I’m going to share my top tips for getting a bargain. These are mainly aimed at purchasing kids clothes, but could equally apply to adult clothes or other bits and bobs. For some reason there always seems to be a shortage of kids clothes for the 2-4 age group, and I’ve never figured out why. You can get any number of sleepsuits for babies, or high-fashion outfits for 8 year old girls, but the toddler age group always seems to be thin on the ground. I still however manage to buy quite a few bits for my daughter, and intend to make the most of it before she gets to the ‘I wouldn’t be seen dead in second-hand clothes’ stage! Here are my tips:

Visit regularly.
Most shops have a ‘rotation’ policy – typically around 2 weeks. If an item hasn’t sold within that time it is taken off the shop floor and sent off to another store, usually a ‘sale’ store. You need to call in as often as you can or you’ll miss out on items. When I worked in charity retail, there were a hardcore of people who ‘did the circuit’ popping into every charity shop in town every day. No matter how well we thought we’d integrated fresh stock into the rails, they would seize on it! These people can spot a ‘new’ jumper or jacket at 50 paces. For this reason, the best items don’t hang around long, and if you only go into a charity shop once in a blue moon you are unlikely to find many real gems.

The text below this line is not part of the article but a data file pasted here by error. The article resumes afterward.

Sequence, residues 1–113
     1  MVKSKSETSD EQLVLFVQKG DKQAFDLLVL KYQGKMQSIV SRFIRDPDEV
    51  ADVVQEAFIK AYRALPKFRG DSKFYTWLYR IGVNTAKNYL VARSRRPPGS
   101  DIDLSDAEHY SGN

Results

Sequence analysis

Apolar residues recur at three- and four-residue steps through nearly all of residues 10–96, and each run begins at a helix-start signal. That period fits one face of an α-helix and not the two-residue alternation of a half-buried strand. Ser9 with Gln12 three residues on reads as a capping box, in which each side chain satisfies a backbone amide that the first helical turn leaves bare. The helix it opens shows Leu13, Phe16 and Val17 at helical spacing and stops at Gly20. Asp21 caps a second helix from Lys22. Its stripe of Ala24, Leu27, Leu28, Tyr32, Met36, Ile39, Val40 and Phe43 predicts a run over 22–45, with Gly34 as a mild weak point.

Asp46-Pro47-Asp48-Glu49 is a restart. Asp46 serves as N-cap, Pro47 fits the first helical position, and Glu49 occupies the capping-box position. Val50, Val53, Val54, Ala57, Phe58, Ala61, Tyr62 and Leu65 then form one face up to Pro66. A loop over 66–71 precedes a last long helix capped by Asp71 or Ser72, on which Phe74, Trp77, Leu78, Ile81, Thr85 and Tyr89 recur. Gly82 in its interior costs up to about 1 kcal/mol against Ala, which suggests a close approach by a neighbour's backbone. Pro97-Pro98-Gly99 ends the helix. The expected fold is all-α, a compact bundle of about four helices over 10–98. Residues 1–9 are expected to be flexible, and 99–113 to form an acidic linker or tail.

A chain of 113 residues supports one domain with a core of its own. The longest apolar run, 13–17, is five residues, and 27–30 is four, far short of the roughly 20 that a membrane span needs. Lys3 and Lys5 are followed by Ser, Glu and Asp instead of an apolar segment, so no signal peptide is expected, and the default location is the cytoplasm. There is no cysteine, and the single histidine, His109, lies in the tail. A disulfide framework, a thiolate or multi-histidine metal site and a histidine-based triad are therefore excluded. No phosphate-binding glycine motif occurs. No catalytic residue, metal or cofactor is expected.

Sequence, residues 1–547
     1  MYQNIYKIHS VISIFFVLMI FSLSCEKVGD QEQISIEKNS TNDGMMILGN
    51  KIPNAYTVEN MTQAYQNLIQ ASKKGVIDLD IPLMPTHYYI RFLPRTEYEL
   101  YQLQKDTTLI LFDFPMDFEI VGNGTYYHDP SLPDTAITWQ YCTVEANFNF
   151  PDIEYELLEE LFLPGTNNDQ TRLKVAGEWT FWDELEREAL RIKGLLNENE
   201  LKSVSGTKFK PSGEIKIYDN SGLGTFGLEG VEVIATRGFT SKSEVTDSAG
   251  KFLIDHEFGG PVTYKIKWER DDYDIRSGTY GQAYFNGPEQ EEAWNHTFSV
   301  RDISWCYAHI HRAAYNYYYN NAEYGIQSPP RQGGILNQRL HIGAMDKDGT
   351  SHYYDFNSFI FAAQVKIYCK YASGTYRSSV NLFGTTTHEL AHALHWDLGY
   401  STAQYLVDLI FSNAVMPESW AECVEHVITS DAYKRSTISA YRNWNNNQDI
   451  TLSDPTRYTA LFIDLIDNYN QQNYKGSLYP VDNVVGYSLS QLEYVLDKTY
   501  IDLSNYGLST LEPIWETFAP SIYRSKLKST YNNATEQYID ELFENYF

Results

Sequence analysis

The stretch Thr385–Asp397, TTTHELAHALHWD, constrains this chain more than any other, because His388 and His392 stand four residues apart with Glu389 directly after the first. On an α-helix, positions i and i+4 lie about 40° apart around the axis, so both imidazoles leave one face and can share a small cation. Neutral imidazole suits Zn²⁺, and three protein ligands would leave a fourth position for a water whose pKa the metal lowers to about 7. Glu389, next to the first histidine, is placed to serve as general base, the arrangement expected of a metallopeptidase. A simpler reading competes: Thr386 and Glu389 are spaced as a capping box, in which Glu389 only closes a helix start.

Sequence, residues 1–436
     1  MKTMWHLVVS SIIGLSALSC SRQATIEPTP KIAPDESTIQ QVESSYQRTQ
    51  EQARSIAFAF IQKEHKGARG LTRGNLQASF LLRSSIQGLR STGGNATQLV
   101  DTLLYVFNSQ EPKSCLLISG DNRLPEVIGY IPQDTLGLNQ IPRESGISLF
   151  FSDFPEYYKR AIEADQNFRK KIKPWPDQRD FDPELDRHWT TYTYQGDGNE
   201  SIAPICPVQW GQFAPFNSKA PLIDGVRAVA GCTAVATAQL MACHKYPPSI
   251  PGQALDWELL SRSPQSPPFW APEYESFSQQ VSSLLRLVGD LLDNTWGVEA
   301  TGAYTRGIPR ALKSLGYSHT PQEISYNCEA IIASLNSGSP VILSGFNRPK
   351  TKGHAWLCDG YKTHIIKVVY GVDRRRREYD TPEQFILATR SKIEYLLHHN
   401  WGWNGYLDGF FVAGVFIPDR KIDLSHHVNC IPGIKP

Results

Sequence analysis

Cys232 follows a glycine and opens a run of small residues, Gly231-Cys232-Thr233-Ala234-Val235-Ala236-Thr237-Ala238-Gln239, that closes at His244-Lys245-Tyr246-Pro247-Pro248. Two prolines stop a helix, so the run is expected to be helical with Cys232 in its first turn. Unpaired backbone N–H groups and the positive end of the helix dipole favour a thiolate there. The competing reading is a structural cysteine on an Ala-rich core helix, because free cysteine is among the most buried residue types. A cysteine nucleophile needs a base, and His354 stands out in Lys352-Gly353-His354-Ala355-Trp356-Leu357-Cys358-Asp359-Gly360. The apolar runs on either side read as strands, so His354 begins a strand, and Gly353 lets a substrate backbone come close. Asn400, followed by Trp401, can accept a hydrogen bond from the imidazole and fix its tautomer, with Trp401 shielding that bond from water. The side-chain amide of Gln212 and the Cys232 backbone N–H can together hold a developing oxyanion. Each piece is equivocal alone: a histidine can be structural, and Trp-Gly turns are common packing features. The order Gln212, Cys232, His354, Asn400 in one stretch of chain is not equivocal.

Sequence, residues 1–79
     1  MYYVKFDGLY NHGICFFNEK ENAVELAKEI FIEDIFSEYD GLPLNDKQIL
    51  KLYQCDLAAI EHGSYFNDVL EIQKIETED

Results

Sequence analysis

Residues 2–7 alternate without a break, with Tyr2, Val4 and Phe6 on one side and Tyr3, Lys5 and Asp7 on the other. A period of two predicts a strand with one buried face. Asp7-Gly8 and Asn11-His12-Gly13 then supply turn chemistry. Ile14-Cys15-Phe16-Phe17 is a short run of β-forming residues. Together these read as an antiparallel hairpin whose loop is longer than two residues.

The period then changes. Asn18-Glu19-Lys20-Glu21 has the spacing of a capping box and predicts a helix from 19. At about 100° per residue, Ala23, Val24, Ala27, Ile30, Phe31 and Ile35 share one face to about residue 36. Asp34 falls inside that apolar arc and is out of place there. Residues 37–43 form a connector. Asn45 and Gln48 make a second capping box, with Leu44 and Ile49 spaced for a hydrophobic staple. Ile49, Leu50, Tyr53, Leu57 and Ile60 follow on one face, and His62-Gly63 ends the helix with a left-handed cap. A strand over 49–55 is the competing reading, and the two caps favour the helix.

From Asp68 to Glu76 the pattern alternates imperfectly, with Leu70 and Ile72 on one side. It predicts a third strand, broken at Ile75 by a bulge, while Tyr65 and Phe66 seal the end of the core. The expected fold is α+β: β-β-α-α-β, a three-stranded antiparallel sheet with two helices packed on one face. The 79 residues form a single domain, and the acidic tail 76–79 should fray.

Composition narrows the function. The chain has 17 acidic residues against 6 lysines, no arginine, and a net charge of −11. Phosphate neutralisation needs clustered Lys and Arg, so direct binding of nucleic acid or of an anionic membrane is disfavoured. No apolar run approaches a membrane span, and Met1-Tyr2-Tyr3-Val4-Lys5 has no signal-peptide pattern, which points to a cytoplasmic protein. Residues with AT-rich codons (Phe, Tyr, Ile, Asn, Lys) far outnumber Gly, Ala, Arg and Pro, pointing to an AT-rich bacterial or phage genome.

Be friendly.
Most shops are staffed by volunteers who are giving their time freely (although many have a paid manager). Take the time to say hello or good morning. Not only is it nice to be nice, but if you build up a relationship with the staff, they will generally see you right. If there’s something specific you are looking for, then let them know. I often used to keep bits aside for regulars who I knew were looking for a particular item. We referred (privately of course!) to people whose name we didn’t know as ‘teapot lady’; ‘linen lady’; ‘gold lady’ or ‘toy car man’ depending on what their purchasing habits where. We also had a ‘stockings and bra man’ but I won’t go into that.